18. 4 out of 5

    Joseph Gomes

    I truly enjoyed this book. Well written and researched. Good background understanding. The Reason for Flowers is a great book to learn about why life is so connected. Us without them does not work. Good thought for the future of the Planet. Highly recommend.

  19. 5 out of 5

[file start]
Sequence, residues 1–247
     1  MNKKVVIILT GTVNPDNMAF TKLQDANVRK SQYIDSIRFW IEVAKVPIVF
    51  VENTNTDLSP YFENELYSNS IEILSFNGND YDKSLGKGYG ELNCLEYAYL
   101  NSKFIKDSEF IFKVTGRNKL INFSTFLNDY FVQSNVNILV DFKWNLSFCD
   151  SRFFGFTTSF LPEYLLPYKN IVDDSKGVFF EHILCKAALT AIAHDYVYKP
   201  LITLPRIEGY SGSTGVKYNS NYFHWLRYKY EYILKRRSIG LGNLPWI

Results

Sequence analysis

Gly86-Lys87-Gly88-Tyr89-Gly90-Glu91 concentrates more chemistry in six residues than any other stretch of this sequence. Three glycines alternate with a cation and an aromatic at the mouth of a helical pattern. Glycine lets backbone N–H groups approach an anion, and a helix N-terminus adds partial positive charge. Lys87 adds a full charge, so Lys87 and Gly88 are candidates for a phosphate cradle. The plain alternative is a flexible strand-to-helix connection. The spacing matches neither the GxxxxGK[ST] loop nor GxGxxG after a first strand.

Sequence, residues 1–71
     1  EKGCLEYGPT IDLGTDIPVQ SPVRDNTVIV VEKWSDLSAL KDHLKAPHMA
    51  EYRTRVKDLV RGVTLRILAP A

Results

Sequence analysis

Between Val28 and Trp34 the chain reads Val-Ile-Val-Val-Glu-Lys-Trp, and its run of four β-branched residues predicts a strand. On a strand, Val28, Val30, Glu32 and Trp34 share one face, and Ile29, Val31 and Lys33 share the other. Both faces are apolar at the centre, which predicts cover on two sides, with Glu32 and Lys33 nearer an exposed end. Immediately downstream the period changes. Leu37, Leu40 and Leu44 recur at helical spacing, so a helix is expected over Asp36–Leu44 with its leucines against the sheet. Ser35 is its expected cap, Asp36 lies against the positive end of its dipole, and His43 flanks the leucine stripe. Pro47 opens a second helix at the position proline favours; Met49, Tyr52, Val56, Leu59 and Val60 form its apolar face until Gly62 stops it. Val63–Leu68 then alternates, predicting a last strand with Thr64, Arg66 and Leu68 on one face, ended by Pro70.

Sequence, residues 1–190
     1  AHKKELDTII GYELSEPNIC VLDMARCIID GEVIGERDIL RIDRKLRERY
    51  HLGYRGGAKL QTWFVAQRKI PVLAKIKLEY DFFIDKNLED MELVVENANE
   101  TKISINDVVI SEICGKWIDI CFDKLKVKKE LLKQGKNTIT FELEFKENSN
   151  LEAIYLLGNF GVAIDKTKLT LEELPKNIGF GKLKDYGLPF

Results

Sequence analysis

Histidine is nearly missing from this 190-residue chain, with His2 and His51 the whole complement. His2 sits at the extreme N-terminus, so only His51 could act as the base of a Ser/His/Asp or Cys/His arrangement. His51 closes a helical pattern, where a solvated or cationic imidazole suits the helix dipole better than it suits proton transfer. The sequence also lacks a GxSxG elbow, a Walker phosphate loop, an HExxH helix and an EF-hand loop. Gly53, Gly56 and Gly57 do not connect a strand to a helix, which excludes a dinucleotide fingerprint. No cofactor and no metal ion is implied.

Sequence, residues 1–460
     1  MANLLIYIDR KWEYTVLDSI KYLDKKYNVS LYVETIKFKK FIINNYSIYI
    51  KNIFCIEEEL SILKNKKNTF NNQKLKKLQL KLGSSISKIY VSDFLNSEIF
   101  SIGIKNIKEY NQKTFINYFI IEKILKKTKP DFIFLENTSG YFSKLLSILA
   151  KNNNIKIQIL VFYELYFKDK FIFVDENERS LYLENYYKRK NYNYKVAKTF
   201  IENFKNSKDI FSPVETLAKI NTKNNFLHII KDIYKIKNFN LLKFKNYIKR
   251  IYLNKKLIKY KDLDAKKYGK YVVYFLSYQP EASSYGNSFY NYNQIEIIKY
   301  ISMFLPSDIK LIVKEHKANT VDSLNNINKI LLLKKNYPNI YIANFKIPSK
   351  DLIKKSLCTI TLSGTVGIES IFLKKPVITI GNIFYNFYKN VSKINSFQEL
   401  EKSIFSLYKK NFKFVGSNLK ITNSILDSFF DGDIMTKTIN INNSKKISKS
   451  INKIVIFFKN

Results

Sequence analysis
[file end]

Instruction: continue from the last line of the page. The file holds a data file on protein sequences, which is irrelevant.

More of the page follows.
Lizzy

    Gifted to me on valentine's day instead of actual flowers. I loved the combination of science and history. Well written and researched. Gifted to me on valentine's day instead of actual flowers. I loved the combination of science and history. Well written and researched.

  20. 5 out of 5

    Joyce

    After listening to more than half of this, I quit. I really liked the beginning but than I was just bored.

  21. 5 out of 5

    Kam